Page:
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U.S. Cropland Value Holds Steady

U.S. Cropland Value Holds Steady

The USDA’s 2017 Land Values Summary shows that the average acre of American cropland is worth $4,090.

That’s unchanged from last year and the third-highest in history. Pastureland values increased by $20 from last year to a national average of $1,350. That’s the highest value for pastureland USDA has ever recorded.

The Southern Plains states of Texas and Oklahoma saw the biggest increase in their cropland values, which went six percent higher. The Northern Plains states of Kansas, Nebraska, and the Dakotas dropped 4.4 percent in value from last year.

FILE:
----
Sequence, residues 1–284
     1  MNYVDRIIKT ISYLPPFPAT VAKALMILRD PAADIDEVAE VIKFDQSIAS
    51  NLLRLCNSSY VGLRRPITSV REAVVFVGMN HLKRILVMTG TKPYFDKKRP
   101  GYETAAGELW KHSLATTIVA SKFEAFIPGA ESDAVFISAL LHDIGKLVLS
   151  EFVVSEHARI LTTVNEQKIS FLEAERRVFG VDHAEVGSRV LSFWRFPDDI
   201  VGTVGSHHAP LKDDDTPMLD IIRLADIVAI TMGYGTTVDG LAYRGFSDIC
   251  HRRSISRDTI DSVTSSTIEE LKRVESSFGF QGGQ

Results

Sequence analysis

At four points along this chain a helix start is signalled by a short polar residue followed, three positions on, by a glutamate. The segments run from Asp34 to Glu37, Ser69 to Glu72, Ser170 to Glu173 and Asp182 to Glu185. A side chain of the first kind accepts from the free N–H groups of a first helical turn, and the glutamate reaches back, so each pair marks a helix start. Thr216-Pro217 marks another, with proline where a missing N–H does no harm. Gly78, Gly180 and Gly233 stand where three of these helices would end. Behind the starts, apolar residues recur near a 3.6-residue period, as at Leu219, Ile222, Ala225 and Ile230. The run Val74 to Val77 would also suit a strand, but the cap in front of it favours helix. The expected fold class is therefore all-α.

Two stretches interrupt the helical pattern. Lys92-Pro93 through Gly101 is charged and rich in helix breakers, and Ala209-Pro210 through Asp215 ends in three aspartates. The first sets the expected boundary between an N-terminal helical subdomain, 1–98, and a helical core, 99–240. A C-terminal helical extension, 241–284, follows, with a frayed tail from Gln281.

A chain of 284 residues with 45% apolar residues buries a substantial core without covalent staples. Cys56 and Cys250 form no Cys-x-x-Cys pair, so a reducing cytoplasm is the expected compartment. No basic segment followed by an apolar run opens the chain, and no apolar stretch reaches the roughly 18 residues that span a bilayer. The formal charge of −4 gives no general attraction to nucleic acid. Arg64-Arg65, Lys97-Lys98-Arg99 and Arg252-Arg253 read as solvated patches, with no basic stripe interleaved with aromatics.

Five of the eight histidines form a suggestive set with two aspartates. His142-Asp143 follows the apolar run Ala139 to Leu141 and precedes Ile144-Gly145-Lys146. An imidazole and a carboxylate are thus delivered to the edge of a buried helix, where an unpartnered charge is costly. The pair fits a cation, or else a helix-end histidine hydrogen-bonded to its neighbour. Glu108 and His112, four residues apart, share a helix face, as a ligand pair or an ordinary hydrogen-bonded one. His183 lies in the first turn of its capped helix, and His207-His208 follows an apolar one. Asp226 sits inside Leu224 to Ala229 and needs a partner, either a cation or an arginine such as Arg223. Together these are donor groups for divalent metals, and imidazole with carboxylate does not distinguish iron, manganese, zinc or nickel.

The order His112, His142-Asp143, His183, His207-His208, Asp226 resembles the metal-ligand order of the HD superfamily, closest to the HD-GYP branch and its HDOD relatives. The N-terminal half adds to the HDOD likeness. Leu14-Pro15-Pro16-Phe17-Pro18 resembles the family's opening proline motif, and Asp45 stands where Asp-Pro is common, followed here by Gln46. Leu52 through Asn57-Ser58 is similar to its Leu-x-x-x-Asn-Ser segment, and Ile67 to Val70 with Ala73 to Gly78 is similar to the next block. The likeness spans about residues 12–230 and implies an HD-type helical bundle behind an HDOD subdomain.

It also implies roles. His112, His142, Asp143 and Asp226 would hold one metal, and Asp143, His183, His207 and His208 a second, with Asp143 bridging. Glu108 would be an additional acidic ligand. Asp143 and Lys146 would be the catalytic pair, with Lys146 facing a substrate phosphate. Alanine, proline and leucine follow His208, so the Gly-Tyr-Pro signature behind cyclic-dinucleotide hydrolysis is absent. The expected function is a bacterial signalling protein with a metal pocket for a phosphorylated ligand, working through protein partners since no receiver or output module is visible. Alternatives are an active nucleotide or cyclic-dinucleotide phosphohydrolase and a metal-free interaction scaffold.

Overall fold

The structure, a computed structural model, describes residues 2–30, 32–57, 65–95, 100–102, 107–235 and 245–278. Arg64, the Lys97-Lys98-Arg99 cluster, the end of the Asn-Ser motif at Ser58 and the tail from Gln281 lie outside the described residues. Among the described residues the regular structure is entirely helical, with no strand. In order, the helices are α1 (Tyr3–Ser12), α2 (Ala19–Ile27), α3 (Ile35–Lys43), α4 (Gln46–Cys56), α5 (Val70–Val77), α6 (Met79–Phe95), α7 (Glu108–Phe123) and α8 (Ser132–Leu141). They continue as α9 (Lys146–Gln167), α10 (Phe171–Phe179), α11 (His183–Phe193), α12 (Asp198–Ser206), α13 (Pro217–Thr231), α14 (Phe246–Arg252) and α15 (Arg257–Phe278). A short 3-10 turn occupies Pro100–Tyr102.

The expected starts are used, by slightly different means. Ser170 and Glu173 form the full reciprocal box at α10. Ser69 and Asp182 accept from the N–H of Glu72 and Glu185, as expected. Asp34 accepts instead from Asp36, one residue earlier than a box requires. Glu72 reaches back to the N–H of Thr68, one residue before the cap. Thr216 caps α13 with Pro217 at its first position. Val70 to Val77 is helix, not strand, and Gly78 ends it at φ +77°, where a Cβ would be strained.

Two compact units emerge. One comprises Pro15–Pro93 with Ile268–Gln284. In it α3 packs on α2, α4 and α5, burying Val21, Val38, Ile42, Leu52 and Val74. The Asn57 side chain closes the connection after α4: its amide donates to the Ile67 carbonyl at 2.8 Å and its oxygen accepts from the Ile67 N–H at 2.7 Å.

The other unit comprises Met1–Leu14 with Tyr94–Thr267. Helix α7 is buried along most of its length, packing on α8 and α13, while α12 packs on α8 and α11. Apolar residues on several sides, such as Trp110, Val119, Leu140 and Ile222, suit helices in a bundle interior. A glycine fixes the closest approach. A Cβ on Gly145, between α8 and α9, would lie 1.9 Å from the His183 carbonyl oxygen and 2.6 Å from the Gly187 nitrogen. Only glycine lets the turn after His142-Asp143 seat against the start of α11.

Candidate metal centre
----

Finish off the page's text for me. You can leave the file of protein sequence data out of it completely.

Over half the states with irrigated cropland saw the values increase. Texas saw its irrigated cropland value jump more than seven percent from last year, followed by a six percent jump in Louisiana. Kansas and Nebraska irrigated cropland fell five percent in value from last year.

Pastureland values in the Delta Region, including Arkansas, Louisiana, and Mississippi, saw the biggest jump of three percent from 2016. The Corn Belt saw the biggest decrease in pastureland value of 1.7 percent from last year.

 

 

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